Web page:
The response by Robert Hartwig of the Insurance Information Institute to the landmark Corban decision typifies how executives at many insurance companies feel about their customers. If not, Hartwick would be out of a job. Here is his quote taken from Anita Lee’s article:

Robert Hartwig, who heads the Insurance Information Institute, said the ruling could affect the cost and availability of homeowner policies on the Mississippi Coast.

“What this basically suggests is that the cost of claims is going to be higher than insurers anticipated,” Hartwig said, “so there are direct consequences for the price of insurance in Mississippi and potentially for the availability as well.

If the state of Mississippi is going to take a different tack from the federal courts, the policies will have to be priced and underwritten appropriately. It makes selling policies in Mississippi risky and, on average, more expensive. There’s just no other way around that."

The propaganda threat and point is obvious—suggest to those who interpret policies against the insurance industry’s version (judges) that the case is wrongly decided and that those venues with a similar view will have unaffordable insurance, if any at all. This has been the mantra of his propaganda and that of the insurance industry wherever repeated catastrophes have occurred.

My response is:

How affordable is insurance that does not pay fully and promptly after a catastrophic loss?


Why does the insurance industry find that “good” judicial decisions only happen when denials of coverage are upheld and customers get nothing, unless the insurance industry is more interested in its own profits than caring for its customer and providing a product that serves a purpose after a catastrophe?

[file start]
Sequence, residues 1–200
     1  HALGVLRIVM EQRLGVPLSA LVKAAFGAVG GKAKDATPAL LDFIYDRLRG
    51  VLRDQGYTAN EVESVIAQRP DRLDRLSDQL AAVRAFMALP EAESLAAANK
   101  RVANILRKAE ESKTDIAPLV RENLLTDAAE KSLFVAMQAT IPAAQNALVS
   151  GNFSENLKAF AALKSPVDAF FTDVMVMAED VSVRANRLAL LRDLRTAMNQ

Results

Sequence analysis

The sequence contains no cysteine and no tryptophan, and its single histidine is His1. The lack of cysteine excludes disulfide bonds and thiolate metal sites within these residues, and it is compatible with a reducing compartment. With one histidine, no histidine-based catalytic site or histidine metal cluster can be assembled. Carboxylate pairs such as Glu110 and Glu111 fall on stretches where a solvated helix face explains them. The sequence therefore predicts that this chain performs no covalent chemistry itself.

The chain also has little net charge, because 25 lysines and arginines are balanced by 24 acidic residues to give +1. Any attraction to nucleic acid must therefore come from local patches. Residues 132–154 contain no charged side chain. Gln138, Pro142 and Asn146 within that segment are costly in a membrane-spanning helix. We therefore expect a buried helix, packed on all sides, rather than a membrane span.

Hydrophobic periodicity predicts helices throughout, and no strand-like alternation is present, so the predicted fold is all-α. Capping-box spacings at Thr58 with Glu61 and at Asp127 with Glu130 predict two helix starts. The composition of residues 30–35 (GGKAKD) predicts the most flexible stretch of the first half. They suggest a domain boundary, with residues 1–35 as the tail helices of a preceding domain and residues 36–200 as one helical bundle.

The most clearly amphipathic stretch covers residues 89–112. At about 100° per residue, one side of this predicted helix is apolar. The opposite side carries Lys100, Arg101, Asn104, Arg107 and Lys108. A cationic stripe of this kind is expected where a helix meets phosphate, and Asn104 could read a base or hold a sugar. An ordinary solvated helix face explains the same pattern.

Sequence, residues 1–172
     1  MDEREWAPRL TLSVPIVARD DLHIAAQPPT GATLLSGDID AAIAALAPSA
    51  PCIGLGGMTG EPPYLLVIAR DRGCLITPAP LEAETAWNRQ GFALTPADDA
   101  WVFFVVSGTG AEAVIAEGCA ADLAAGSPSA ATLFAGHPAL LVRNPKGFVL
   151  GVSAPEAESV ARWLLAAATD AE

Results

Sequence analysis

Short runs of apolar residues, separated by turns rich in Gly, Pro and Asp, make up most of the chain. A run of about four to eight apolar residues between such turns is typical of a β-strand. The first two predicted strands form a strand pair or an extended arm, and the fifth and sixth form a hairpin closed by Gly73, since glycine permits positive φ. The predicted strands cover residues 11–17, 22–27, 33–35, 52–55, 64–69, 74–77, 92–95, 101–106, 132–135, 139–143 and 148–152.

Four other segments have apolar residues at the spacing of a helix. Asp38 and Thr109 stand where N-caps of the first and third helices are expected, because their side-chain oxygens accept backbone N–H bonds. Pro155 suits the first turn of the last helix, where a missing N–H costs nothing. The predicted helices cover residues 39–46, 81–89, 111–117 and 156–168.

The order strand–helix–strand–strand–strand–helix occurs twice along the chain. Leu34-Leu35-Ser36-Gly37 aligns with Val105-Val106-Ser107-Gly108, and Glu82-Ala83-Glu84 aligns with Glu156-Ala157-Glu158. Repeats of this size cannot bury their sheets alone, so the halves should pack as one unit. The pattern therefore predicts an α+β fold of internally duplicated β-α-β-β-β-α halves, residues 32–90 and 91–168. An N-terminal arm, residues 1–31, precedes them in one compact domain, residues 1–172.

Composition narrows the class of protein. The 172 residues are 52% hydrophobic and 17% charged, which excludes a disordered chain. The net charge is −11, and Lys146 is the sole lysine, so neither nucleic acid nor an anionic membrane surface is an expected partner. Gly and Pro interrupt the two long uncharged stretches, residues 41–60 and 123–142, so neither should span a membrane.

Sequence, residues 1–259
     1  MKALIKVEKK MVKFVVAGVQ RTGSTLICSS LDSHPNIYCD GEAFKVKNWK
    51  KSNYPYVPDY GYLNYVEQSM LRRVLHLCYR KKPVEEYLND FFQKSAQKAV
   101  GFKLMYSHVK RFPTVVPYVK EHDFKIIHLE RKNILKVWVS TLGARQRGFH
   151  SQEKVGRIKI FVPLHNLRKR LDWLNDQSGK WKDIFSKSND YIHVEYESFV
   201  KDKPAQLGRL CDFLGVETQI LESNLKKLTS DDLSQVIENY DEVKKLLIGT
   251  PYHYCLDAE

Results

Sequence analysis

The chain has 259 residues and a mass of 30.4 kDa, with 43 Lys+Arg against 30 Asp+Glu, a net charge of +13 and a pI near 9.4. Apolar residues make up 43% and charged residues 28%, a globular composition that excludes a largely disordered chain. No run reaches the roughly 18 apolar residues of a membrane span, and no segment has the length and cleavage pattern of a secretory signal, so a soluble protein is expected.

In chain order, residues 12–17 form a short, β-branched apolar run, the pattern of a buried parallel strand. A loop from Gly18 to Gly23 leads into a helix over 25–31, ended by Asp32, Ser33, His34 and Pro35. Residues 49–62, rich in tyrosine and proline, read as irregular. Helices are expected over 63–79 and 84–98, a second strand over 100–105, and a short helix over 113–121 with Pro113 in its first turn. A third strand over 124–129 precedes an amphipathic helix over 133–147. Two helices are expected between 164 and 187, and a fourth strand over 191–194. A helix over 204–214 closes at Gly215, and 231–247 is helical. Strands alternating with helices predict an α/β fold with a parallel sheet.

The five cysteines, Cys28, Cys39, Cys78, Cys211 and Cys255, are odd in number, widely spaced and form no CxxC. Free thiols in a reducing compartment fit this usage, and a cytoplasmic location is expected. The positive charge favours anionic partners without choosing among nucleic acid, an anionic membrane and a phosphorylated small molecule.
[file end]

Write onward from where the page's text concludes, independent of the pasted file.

Many of my retail corporate clients and their general counsel have told me that if they advertised and then performed in the manner of their insurer, the federal and state trade commissions would be holding “bait and switch” hearings. But, this is exactly the type of treatment insurance executives are calling for when they support the propaganda against their own customers through spokespersons such as Hartwig.

I am not the only one to have noticed this. Slabbed had two posts on the topic, The Push Back on Corban – “You’re gonna pay for this” and Da Corban spin continues: AIA prefers denial while the National Underwriter carries III press release calling it news. The editors of Slabbed were pretty blunt about what they think about Hartwig:

The ink was still wet on that post when 2 days ago the Mississippi Supreme Court ruled that the ACC clause as interpreted by the notorious, corporation loving 5th Circuit ain’t the law in Mississippi. The tragedy is that hundreds of thousands of claims were illegally mishandled for 4 years before we got word. Anyway, State Farm, Allstate, Nationwide and USAA got bitch slapped, and they’re some kinda pissed. I knew there’d be press statements coming, all calculated to terrorize homeowners as soon as the shills got their poison pens loaded. We all know who they are: Robert Hartwig being foremost among them….